After I went to college in Boston, I started listening to different music entirely and got really into all Hip Hop and electronic music – particularly the original dubstep music popular in the UK and underground house & techno (before the EDM thing in the US completely ruined this type of music for me). I think the over commercialization of electronic music was one of the many turning points for me to turn back to the underground and to really draw from all the music that was important to me to create something more true to myself (instead of trying to fit into a box that might get me exposure). I have a job that allows me to support myself, so music for me now is really about passion, honesty, and catharsis.

How important is live performance to you as an artist?

I’ve always been a performer, but at the moment I haven’t even tried to get Dutch gigs (aside from some open mics to practice). I think for the last 6 months or so I have just been focused on creating music and building a catalogue. However, I just got all the fully mastered backing tracks for both of my releases, and I am ready to start reaching out to people to get back into performance. I’ve always been terrible at self-promotion, but it is a necessary evil if you want to get gigs. Eventually, I would also like to work in playing guitar and having a live drummer for my gigs.

Which song on this new album would you recommend to listeners who only have time for one – and why?

This is a really tough question for me because I feel every track on the record is very different. I would probably go with track 2, 661. I used to make all the beats myself, but for this release I started reaching out to other artists to work with. Foxwedding is one of my favourite producers in the game right now and I love the beat. The lyrics blur the line between depressing and hopeful and the message is open to interpretation (a good representation of who I am as an artist).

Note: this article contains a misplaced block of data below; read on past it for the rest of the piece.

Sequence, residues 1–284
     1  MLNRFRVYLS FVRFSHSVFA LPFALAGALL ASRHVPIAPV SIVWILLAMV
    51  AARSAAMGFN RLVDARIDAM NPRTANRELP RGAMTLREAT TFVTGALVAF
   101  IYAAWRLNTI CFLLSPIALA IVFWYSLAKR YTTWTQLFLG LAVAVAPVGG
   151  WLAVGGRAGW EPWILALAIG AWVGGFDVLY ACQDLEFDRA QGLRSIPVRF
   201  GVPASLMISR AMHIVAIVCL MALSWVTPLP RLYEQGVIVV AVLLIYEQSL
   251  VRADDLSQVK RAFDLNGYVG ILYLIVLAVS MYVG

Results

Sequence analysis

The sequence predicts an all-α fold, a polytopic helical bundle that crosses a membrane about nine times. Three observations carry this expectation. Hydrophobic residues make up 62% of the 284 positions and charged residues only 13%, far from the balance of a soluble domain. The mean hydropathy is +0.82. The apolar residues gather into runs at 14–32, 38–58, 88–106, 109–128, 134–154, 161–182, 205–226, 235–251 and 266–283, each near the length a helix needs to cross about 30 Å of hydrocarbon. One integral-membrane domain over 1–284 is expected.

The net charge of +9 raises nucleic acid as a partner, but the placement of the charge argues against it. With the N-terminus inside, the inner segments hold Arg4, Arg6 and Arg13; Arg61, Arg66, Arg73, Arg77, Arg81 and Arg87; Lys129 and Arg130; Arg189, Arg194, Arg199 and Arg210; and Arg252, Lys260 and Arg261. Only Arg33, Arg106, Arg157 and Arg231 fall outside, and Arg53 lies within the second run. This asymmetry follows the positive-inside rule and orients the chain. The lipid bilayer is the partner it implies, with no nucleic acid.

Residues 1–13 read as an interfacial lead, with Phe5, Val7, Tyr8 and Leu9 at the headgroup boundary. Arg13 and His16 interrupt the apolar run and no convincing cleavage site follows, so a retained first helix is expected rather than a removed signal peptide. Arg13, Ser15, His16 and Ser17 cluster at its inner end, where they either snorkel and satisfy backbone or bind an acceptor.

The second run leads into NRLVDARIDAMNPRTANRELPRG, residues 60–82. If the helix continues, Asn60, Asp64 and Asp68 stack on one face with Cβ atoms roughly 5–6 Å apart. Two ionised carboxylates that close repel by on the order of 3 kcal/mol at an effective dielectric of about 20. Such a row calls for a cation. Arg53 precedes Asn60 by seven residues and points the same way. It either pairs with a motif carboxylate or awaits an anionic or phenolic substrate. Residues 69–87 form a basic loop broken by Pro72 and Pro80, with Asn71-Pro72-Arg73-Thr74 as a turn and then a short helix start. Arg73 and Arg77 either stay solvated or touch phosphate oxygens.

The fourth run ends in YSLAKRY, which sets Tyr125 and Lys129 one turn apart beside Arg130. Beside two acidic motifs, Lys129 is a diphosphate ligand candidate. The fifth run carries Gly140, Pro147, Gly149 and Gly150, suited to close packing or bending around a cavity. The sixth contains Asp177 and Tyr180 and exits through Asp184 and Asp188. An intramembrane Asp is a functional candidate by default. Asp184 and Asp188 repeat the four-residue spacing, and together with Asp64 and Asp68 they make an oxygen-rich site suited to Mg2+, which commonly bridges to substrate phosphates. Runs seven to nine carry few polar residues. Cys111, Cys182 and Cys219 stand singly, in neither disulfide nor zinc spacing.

Do you ever second guess yourself when writing so openly about personal experiences and difficulties?

Initially, Yes. My first record was largely about one person in particular, and I was really laying it all out there for everyone to hear (including that person, my friends, my family). I used to be afraid that what I was trying to say was too much. I think it was other popular artists at the time that were releasing the type of music I was making in my bedroom (Lil Peep, Brennan Savage, Zubin, Wicca Phase, Corbin) that inspired me to put something out there and to not really care about how it might make me look. For the artists I mentioned, their music helped me immensely during difficult times. If I could connect with even one person who might relate to my lyrics or help them feel better during a really difficult time, I’ve done my job as an artist.

What’s next for you – what’s the bigger picture?

I am working on a concept for a music video for an upcoming unreleased single, also produced by Foxwedding, with my step brother (an insanely talented director based in LA/Toronto). Other than that, I just want to keep creating content and make the jump into performance. I got the opportunity to work with some artists I love on this record, and I would really like to do more collaborations instead of working entirely on my own.

Is there anything else we should know?

Not really, but I just want to encourage anyone making music in isolation to use the internet and put it out there. As I said above, if you have the chance to connect with even one person you could make an impact on someone. Stay open minded & humble, and see what happens!

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Stream the album on Spotify. Find & follow Dutch on Twitter & Instagram.

Rebecca Cullen

Founder & Editor

Musician & writer with an MA in Songwriting.